It can thus be seen that:

- at small frequencies there is no voltage $U_2$ at the output.
- at high frequencies $A = \frac {U_{\rm O}}{U_{\rm I}} = \rightarrow 1$, so the voltage at the output is equal to the voltage at the input.

Result:

The RL element shown here therefore only allows large frequencies to pass (= pass through) and small ones are filtered out.

The circuit corresponds to a **high pass**.

This can also be derived from understanding the components:

- At small frequencies, the current in the coil and thus the magnetic field changes only slowly. So only a negligibly small reverse voltage is induced. The coil acts like a short circuit at low frequencies.
- At higher frequencies, the current generated by $U_I$ through the coil changes faster, the induced voltage $U_{\rm i} = - {\rm d}I / {\rm d}t$ becomes large.

As a result, the coil inhibits the current flow and a voltage drops across the coil. - If the frequency becomes very high, only a negligible current flows through the coil - and hence through the resistor. The voltage drop at $R$ thus approaches zero and the output voltage $U_\rm O$ tends towards $U_\rm I$.

The transfer function can also be decomposed into amplitude response and frequency response.

Often these plots are not given in with linear axis but:

- the amplitude response with a double logarithmic coordinate system and
- the phase response single logarithmic coordinate system.

By this, the course from low to high frequencies is easier to see. The following simulation in Abbildung 3 shows the amplitude response and frequency response in the lower left corner.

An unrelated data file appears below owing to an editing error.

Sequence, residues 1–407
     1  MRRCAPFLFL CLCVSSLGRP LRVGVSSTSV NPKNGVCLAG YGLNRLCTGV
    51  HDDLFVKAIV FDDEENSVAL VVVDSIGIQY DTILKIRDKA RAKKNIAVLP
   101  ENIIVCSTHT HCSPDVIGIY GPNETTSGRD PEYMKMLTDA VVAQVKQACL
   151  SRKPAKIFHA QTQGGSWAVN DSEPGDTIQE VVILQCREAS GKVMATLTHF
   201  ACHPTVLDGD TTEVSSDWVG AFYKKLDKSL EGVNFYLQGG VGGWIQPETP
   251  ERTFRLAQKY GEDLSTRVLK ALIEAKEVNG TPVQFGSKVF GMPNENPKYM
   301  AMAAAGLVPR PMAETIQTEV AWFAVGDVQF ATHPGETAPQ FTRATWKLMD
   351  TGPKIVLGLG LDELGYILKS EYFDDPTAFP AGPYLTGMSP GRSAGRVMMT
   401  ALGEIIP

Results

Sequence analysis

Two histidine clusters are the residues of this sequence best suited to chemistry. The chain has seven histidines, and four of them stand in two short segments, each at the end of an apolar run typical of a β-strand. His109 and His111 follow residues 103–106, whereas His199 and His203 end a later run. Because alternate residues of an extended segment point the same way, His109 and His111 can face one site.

For further consideration, the equation of the transfer function $\underline{A} = \dfrac {\underline{U}_{\rm O}^\phantom{O}}{\underline{U}_{\rm I}^\phantom{O}}$ is to be rewritten so that it becomes independent of component values $R$ and $L$.

This allows for a generalized representation. This representation is called **normalization**:

\begin{align*} \large{\underline{A} = \frac {\underline{U}_{\rm O}^\phantom{O}}{\underline{U}_{\rm I}^\phantom{O}} = \frac {\omega L} {\sqrt{R^2 + (\omega L)^2}}\cdot {\rm e}^{{\rm j}\left(\frac{\pi}{2} - \arctan \frac{\omega L}{R} \right)}} \quad \quad \vphantom{\HUGE{I \\ I}} \large{\xrightarrow{\text{normalization}}} \vphantom{\HUGE{I \\ I}} \quad \quad \quad \large{\underline{A}_{norm} = \frac {\omega L / R}{\sqrt{1 + (\omega L / R)^2}}\cdot {\rm e}^{{\rm j}\left(\frac{\pi}{2} - \arctan \frac{\omega L}{R} \right)} } \large{ = \frac {x} {\sqrt{1 + x^2 }}\cdot {\rm e}^{{\rm j}\left(\frac{\pi}{2} - \arctan x \right)} } \end{align*}